Tuesday, April 28, 2009

What's in a word?

Human rights lawyer Eren Keskin was aquitted yesterday of "inciting the public to hatred and animosity." when she used the word "Kurdistan" during a panel discussion in 2007. Two years ago, a court in Viranşehir sentenced her to 10 months in prison and a 3,300 Turkish Lira cash fine, but the case is under appeal.

How strong is a country that would send someone to prison for the use of one word? A few days ago, it was Osman Baydemir, being convicted for saying "guerilla" instead of terrorist. The use and control of language is one of the best tools of a totalitarian state because control of language becomes control of thought. This is not a democracy.

Here's a link to the story in Hurriyet:

and here's a link to a documentary about Eren Keskin:

Another news item that is not a surprise is headlined: Thousands of People Wiretapped in the Last Three Years

Justice Minister Mehmet Ali Şahin has stated that in the last three years the phone conversation records of nearly 13,000 people have been disposed of as their content does not constitute a crime, once again placing wiretapping debates in Turkey under the spotlight.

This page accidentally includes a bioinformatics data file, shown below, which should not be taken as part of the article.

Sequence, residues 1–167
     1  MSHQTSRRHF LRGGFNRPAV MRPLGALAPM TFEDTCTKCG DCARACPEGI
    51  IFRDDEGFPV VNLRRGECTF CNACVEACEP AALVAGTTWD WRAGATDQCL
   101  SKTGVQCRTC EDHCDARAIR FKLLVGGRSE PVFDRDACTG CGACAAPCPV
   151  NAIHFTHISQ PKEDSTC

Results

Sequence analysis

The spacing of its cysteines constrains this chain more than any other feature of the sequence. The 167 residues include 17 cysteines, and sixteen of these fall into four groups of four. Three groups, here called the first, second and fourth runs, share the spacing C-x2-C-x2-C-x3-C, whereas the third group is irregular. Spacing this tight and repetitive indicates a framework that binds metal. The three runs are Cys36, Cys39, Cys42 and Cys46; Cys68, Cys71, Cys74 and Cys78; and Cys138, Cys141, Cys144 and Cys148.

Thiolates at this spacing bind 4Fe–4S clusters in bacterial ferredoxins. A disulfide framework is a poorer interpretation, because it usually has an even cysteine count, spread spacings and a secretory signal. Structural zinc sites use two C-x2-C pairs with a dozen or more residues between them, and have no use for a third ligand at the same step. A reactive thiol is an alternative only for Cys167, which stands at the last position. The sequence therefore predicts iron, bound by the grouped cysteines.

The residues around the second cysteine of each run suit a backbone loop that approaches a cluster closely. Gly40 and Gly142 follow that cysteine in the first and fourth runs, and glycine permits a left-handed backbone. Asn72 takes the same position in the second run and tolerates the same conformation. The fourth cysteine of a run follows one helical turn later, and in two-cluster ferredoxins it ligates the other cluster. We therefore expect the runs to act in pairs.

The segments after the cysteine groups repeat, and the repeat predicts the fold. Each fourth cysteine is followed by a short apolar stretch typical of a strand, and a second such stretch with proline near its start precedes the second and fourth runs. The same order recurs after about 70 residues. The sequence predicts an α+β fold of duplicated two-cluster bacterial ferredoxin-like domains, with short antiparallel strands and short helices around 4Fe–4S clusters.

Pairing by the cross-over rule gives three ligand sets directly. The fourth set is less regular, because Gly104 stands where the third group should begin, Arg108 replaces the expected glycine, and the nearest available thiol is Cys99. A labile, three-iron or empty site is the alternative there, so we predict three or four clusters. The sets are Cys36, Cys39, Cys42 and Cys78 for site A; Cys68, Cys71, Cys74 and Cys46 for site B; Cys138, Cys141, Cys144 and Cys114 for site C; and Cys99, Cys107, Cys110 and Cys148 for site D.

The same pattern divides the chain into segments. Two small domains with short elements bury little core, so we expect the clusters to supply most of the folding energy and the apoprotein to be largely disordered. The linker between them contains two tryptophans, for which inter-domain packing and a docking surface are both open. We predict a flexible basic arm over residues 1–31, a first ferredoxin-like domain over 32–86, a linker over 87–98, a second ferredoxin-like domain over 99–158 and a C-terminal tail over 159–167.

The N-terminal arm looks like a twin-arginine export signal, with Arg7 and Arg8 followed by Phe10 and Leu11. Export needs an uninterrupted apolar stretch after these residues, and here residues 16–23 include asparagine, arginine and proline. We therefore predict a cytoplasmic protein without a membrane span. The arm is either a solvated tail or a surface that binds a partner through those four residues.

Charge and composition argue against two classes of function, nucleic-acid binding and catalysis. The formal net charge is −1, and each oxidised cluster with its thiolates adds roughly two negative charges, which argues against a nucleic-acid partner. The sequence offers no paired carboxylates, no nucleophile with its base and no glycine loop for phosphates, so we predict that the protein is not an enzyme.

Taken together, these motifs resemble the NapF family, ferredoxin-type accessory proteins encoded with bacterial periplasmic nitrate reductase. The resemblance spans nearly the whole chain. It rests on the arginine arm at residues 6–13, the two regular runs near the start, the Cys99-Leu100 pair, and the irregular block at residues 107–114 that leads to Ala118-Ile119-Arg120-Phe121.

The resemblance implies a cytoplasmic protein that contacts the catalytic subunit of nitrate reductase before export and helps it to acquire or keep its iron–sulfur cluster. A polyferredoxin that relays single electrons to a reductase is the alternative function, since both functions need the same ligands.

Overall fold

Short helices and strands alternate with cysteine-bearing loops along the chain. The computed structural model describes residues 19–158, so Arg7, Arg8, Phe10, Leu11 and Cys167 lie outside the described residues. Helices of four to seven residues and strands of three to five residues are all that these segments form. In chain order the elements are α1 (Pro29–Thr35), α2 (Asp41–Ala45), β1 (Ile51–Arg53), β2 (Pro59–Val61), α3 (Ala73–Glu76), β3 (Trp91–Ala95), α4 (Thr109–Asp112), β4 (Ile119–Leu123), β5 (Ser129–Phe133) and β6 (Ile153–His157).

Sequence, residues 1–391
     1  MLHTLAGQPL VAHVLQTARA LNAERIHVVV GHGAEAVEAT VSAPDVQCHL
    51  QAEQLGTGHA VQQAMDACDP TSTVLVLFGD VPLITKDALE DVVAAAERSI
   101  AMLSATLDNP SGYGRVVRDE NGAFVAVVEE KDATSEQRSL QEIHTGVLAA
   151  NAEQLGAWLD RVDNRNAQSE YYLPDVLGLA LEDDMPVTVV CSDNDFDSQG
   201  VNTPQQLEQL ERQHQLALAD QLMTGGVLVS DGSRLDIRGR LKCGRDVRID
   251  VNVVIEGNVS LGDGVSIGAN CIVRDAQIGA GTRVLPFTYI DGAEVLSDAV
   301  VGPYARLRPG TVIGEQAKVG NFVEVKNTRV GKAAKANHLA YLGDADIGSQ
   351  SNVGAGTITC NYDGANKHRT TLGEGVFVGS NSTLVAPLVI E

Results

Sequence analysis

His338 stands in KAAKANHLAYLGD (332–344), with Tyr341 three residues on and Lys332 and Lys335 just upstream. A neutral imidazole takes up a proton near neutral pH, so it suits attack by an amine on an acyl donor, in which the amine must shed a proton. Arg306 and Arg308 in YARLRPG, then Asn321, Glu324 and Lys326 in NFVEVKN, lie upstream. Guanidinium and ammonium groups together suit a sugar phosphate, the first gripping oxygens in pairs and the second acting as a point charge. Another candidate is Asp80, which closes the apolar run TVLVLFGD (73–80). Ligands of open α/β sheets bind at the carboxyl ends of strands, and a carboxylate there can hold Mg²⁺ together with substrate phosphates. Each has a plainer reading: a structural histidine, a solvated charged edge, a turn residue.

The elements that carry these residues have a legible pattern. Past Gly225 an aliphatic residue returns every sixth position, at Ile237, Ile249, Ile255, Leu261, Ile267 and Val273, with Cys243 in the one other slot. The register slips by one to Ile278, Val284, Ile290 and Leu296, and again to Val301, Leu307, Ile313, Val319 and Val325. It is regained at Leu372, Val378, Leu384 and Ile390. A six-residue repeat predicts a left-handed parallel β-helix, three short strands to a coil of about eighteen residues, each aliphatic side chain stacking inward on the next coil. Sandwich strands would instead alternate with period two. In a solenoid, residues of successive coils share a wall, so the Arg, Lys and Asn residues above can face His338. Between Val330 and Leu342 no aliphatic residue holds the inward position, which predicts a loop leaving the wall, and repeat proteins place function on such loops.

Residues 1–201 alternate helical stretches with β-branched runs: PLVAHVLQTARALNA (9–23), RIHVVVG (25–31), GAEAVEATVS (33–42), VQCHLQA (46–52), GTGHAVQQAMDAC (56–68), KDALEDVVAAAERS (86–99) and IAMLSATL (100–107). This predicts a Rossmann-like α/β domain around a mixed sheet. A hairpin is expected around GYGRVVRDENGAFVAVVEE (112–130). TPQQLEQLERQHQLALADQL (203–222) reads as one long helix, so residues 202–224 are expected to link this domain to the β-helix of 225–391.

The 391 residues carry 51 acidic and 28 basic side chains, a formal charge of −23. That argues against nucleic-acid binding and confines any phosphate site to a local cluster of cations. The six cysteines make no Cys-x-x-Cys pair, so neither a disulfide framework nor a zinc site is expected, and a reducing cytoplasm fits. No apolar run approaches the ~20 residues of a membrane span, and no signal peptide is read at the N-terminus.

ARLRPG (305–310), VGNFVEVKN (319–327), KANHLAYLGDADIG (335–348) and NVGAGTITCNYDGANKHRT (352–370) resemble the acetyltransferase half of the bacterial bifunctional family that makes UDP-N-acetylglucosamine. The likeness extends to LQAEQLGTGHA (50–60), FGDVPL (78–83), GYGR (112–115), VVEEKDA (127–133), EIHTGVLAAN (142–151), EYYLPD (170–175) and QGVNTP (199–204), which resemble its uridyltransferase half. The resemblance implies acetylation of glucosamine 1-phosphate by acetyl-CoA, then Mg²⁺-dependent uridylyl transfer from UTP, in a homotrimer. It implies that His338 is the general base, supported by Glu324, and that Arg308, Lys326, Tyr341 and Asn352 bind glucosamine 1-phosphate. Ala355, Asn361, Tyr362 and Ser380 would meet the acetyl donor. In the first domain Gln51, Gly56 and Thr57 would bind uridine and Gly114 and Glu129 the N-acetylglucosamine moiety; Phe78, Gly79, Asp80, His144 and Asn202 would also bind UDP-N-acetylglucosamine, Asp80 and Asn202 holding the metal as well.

“As far as I know, the number of individuals whose phone conversations are wiretapped is around 70,000. Some are claiming that 70 million Turkish citizens are being wiretapped. Such allegations have nothing to do with reality,” Şahin remarked.

According to the data as to the individuals whose phone conversation records were disposed of in the past three years, İstanbul residents were subjected to wiretaps the most. The phone conversations of 494 people in İstanbul were disposed of in 2006, while this figure climbed to 736 in 2007 and fell to 684 in 2008.

Phone conversations in the southern and southeastern regions are also closely wiretapped, according to the same data. The conversations of 395 people were disposed of in 2008 in Adana, while this figure was 864 in Diyarbakır, 411 in Mersin and 618 in Van.

Control of lanugage, control of thought, ... it makes me laugh to read that these conversations were disposed of because their content did not constitute a crime. So there are criminal letters, there are criminal words, there are criminal conversations that a state must defend itself from. Sometimes it just seems so laughable.

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